'Bery Short Takes
Occasional observations from Strawbery Banke Museum about history and historic houses, people and events related to the Portsmouth NH waterfront neighborhood of Puddle Dock.
January 18: Happy birthday, Daniel Webster.
New Hampshire’s state motto is famously, “Live Free or Die,” derived from a toast made by Revolutionary War veteran General John Stark (remembered today with a statue in front of the New Hampshire State House – and a vodka, the first distilled spirits manufactured in the state in modern times.)
Yet another State House statue and an even more resonant quote comes from native son Daniel Webster, born in Franklin NH ion January 18, 1782. Daniel Webster is probably the biggest reason the “Old Man of the Mountains” remains the official New Hampshire emblem found on license plates, State Trooper badges and the New Hampshire quarter. Even though the Old Man collapsed in the night in May 2003, there is still a viewing platform in Franconia Notch, with memorial pavers and a line-of-sight sculpture that allows the thousands of visitors who stop by to see what the rock outcropping looked like when the face was actually granite.
The Old Man, or Great Stone Face, was reported by English settler and woodsman Nathan when he accompanied local Abenaki through their mountain trails in 1805. Decades later, Daniel Webster proclaimed, “Men hang out their signs indicative of their respective trades; shoe makers hang out a gigantic shoe; jewelers a monster watch, and the dentist hangs out a gold tooth; but up in the Mountains of New Hampshire, God Almighty has hung out a sign to show that there He makes men."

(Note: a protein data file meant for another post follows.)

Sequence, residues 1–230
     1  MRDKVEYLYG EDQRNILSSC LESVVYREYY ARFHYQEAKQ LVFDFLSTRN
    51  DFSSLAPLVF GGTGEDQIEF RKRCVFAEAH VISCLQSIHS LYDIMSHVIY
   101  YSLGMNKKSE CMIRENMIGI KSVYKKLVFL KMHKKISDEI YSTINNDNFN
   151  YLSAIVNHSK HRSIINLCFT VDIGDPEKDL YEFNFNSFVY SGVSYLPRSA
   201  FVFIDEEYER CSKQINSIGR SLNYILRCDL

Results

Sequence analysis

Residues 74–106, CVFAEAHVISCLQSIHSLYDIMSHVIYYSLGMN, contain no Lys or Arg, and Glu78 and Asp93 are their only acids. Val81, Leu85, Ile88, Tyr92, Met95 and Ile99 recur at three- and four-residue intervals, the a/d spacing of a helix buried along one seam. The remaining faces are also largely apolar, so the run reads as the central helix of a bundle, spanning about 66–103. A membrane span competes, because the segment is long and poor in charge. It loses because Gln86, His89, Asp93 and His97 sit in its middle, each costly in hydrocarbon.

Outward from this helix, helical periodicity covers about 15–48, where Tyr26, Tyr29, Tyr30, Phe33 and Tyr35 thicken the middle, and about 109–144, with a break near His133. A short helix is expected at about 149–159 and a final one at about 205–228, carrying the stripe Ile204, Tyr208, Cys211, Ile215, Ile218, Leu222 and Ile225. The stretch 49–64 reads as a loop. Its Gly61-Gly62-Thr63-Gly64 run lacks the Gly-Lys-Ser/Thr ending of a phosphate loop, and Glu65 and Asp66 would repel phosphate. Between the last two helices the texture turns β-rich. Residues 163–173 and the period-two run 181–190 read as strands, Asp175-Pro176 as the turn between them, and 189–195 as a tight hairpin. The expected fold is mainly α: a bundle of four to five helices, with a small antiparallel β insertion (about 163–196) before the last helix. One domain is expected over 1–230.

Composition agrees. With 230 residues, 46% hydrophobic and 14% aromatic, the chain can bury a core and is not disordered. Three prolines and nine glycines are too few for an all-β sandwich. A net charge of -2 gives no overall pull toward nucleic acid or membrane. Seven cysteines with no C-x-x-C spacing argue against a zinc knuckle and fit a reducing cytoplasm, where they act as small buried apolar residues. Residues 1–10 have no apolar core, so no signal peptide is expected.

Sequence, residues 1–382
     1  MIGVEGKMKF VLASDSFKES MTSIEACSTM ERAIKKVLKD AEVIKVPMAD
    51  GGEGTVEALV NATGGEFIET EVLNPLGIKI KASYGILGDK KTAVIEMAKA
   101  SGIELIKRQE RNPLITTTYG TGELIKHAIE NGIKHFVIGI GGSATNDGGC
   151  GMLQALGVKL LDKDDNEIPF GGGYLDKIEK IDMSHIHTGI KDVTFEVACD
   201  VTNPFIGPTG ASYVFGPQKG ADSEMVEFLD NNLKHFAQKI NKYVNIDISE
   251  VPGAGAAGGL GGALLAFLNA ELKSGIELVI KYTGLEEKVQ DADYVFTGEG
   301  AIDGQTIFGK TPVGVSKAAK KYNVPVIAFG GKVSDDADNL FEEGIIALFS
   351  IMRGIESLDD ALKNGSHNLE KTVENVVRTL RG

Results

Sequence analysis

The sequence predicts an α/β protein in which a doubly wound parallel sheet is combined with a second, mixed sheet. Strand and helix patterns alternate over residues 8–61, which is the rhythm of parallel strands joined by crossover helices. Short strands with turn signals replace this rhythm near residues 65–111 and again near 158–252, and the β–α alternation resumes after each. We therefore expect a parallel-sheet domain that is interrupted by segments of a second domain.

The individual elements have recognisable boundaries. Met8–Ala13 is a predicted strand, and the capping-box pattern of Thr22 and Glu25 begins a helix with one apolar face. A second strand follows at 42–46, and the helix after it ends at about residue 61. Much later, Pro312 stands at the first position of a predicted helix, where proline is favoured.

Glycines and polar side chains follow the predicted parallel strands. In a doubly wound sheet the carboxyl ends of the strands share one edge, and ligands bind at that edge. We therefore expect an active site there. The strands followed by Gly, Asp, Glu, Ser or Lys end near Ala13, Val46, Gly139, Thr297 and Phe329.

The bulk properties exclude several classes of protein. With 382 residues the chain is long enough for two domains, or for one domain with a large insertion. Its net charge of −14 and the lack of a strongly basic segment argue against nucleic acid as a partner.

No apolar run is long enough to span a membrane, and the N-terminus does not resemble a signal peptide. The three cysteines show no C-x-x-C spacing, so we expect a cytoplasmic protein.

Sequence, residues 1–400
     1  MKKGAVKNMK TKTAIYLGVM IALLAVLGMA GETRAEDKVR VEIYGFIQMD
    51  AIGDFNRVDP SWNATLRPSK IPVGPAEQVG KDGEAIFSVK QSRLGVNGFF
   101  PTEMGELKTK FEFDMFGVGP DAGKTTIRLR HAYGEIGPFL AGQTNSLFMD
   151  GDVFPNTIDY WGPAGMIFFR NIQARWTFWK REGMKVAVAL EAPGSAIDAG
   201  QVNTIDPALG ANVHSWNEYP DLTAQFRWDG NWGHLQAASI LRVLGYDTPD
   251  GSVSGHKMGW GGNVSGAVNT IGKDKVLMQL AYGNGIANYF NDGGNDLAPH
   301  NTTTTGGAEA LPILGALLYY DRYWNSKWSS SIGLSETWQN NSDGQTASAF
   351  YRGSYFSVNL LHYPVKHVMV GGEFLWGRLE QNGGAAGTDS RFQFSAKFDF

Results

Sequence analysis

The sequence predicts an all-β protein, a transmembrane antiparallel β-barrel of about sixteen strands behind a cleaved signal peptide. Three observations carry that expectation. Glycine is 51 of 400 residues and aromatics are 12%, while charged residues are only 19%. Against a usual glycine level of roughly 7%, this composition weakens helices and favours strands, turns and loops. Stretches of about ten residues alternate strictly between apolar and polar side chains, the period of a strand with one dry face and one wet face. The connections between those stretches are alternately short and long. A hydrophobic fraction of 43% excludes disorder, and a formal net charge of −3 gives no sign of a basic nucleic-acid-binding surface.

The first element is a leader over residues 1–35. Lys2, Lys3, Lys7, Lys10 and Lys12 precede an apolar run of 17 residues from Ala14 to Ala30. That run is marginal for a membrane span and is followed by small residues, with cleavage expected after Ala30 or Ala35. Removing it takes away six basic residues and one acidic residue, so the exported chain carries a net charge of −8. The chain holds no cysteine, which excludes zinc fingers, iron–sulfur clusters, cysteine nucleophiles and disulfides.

Though claimed by Massachusetts whom he represented as US Senator, Webster is as immortal in New Hampshire and those who wish to follow his trail can do so with many stops: in West Franklin, where the family farm, The Elms (a National Historic Landmark) was saved from development in 2005; his own peak Mount Webster in the White Mountains; and Dartmouth College in Hanover from which he graduated in 1801.
Portsmouth is on that trail, too and some say he loved his time in Portsmouth (1807 to 1817) best. Webster moved to Portsmouth in 1807 and set up his law office in sight of Market Square. The family lived in another house lost to the Great Fire of 1813 before moving into the building that originally stood at #58 or #60 High Street. That building, the Webster Family home from 1814 to 1816, is now owned by Strawbery Banke. It was moved to the museum in 1964 to save it from demolition and is now leased to a private individual and not open to the public.
The Webster House at Strawbery Banke at the corner of Hancocl & Washington Streets.
?February 8, 2019 -- Black History Month
The Portsmouth Black Heritage Trail links 24 sites important to the history of Africans and African-Americans, whose first documented arrival in Portsmouth, enslaved, was in 1645.
The Trail interprets the stories of people and places up through the Civil Rights era of the 1960s and includes both the 1842 visit of Frederick Douglass who spoke at The Temple (predecessor to The Music Hall) and Rev. Martin Luther King (whose future wife, Coretta Scott, was a member of the choir who sang at his appearance at The Pearl in 1952.